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In October of 1957, the Soviet Union launched Sputnik, the world’s first artificial satellite. It was the beginning of the Space Age, a monumental moment not only in the world of science and politics, but in design. Suddenly, futuristic stylings emerged in everything from cars to vacuum cleaners.

The Philco Predicta Princess

The Philco Predicta Princess cost $179.95 in 1960. This 17-inch Predicta in a perforated and finned metal cabinet is compact and lightweight. A similar model called the Siesta was available with a clock above the tuner that could turn the set on and then off automatically.

So, it shouldn’t have come as too big of a surprise when in 1958 Philco debuted Predicta, a television set it promoted as the “TV of Tomorrow.” And yet it was. Gone was the traditional square or rectangular shapes of a television screen entombed in heavy wood. The Predicta was elegant, with a forward-looking design that was lightyears ahead of the competition. Even today, the design remains appealing more than sixty years later.

Philco Predicta Advertisement

Advertising for the Philco Predicta promised a "new era in Tele-fashion."

Philco’s engineering department helped turn designers’ dreams into reality by separating the viewing screen from the bulky receiver chassis. Such freedom of movement was revolutionary.

The swivel picture tube made viewing more flexible and gave the Predicta a modern look, which led to its nicknames of “the Atom Bomb,” “Cyclops,” and “the gas pump.” A new plastic called Tenite protected the glass and caused the tube’s greenish hue, adding to the set’s otherworldly look.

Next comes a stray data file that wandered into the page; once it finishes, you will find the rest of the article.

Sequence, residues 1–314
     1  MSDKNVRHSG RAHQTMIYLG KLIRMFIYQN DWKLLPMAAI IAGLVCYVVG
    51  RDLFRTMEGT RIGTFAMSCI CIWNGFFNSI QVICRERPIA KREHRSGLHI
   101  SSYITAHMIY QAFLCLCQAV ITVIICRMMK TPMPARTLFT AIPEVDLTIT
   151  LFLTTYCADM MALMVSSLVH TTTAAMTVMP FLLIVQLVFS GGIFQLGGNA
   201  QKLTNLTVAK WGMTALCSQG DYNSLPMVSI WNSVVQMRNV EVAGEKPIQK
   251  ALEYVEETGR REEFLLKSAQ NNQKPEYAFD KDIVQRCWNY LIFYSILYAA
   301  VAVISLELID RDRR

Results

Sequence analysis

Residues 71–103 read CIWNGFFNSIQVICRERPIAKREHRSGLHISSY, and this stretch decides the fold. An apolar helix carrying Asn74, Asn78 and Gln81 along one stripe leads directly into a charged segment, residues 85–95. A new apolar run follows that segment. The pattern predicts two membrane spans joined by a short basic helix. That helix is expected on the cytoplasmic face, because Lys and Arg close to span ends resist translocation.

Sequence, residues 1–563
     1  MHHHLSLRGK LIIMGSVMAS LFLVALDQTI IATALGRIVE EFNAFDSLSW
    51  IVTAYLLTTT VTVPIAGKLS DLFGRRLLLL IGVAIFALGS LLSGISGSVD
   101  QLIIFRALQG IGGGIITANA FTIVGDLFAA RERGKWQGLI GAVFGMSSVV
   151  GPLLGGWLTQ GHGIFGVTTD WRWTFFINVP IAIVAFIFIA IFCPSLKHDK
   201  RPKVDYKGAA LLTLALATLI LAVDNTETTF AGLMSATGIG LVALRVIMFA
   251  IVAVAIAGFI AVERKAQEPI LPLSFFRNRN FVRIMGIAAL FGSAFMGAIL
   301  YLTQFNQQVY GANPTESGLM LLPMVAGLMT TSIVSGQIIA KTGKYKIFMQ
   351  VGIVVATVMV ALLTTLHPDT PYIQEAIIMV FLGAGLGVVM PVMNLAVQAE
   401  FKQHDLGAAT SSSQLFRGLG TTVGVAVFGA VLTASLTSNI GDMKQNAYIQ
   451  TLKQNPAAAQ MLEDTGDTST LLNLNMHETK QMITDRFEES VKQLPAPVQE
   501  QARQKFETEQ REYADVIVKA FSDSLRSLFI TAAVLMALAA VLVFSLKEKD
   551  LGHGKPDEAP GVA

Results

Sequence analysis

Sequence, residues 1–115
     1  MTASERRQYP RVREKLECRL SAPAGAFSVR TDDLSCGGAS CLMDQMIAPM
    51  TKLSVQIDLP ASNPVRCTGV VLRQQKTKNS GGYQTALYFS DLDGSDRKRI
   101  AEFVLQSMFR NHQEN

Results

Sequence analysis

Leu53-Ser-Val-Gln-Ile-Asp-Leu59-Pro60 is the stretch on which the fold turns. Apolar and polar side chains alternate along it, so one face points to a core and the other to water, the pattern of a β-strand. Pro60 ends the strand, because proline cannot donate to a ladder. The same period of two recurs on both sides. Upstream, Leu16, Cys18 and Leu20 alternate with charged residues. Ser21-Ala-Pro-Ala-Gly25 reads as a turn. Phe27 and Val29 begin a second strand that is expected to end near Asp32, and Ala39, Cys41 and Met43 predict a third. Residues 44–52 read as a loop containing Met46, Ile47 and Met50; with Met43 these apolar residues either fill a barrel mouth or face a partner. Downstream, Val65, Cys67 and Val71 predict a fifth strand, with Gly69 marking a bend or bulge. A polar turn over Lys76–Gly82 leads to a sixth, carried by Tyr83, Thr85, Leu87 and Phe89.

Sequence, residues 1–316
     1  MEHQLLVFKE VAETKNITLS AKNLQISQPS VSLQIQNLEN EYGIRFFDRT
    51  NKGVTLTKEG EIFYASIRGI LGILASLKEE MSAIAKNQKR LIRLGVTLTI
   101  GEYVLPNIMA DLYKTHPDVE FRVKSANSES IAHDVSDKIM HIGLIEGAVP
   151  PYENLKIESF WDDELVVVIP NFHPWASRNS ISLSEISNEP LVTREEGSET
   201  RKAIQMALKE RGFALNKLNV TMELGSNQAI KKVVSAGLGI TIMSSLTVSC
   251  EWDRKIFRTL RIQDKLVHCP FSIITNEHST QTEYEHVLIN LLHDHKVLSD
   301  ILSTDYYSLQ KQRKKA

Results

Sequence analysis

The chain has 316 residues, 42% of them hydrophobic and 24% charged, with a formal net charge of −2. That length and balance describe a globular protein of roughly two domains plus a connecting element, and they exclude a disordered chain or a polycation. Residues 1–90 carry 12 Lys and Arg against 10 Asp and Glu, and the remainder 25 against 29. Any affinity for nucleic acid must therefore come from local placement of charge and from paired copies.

Philco's Predicta televisions are possibly the most distinctive sets ever designed and cause quite a stir in the market place. RCA's president, David Sarnoff, was quoted as saying, "Philco has reinvented the industry and made TV more exciting again."

The Philco Predicta Pedestal, 1958

The Philco Predicta Pedestal, 1958, originally sold for $459.95. The Pedestal cabinet was created by Catherine Winkler and Richard Whipple. Philco patented the design in 1958, in US Patent D183,782.

Philco Predicta Penthouse

The Penthouse picture tube could be placed anywhere. It was connected to the cabinet by a 25-foot-long flexible extension cable. Original cost: $339.95. 

Alas, the Predicta was short-lived. While it's true that its swivel head and space-age design were way before its time, the Predicta was a black-and-white TV in a world that was turning to color. As color TV technology improved, black and white TV sales plummeted. The pioneering design was shelved after two years, shortly before Philco was sold to Ford Motor Co. The last Predictas were liquidated in block sales to motel chains.

Yasmina Greco with Predicta Princess.

Yasmina Greco with her striking Predicta Princess. 

The Predicta, however, lives on with collectors smitten with its Mod design. In working condition and depending on model, a highly desirable Predicta can sell for north of $3,500.

“Predicta is a conversation starter for sure,” says Yasmina Greco, a lifestyle blogger in San Francisco, who bought her set at an antique mall in working condition. “Most people haven’t ever seen one. It’s a dynamite looking mid-century marvel.”

The Philco Predicta Continental, 1960

The Philco Predicta Continental, 1960, with its Scandinavian design was one of the most stylish Predictas. 

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